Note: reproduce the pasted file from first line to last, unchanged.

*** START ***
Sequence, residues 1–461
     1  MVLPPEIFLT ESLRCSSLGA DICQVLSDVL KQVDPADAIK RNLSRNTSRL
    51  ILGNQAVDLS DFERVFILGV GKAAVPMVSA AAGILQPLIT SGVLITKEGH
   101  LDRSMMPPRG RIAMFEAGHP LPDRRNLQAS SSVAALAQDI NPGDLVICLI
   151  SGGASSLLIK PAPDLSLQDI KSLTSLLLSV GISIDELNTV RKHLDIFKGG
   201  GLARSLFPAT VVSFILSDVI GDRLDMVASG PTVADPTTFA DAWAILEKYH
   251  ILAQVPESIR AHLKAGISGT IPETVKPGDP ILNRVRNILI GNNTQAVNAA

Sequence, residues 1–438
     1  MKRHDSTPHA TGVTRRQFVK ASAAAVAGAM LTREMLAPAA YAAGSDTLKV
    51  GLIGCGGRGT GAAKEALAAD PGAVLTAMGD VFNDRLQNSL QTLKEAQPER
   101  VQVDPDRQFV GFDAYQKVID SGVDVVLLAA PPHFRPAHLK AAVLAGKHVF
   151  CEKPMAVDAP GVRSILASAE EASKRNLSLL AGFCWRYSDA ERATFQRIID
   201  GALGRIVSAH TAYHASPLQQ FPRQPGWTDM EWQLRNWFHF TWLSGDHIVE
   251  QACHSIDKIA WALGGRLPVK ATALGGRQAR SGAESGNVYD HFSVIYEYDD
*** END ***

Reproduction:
Sequence, residues 1–461
     1  MVLPPEIFLT ESLRCSSLGA DICQVLSDVL KQVDPADAIK RNLSRNTSRL
    51  ILGNQAVDLS DFERVFILGV GKAAVPMVSA AAGILQPLIT SGVLITKEGH
   101  LDRSMMPPRG RIAMFEAGHP LPDRRNLQAS SSVAALAQDI NPGDLVICLI
   151  SGGASSLLIK PAPDLSLQDI KSLTSLLLSV GISIDELNTV RKHLDIFKGG
   201  GLARSLFPAT VVSFILSDVI GDRLDMVASG PTVADPTTFA DAWAILEKYH
   251  ILAQVPESIR AHLKAGISGT IPETVKPGDP ILNRVRNILI GNNTQAVNAA

Sequence, residues 1–438
     1  MKRHDSTPHA TGVTRRQFVK ASAAAVAGAM LTREMLAPAA YAAGSDTLKV
    51  GLIGCGGRGT GAAKEALAAD PGAVLTAMGD VFNDRLQNSL QTLKEAQPER
   101  VQVDPDRQFV GFDAYQKVID SGVDVVLLAA PPHFRPAHLK AAVLAGKHVF
   151  CEKPMAVDAP GVRSILASAE EASKRNLSLL AGFCWRYSDA ERATFQRIID
   201  GALGRIVSAH TAYHASPLQQ FPRQPGWTDM EWQLRNWFHF TWLSGDHIVE
   251  QACHSIDKIA WALGGRLPVK ATALGGRQAR SGAESGNVYD HFSVIYEYDD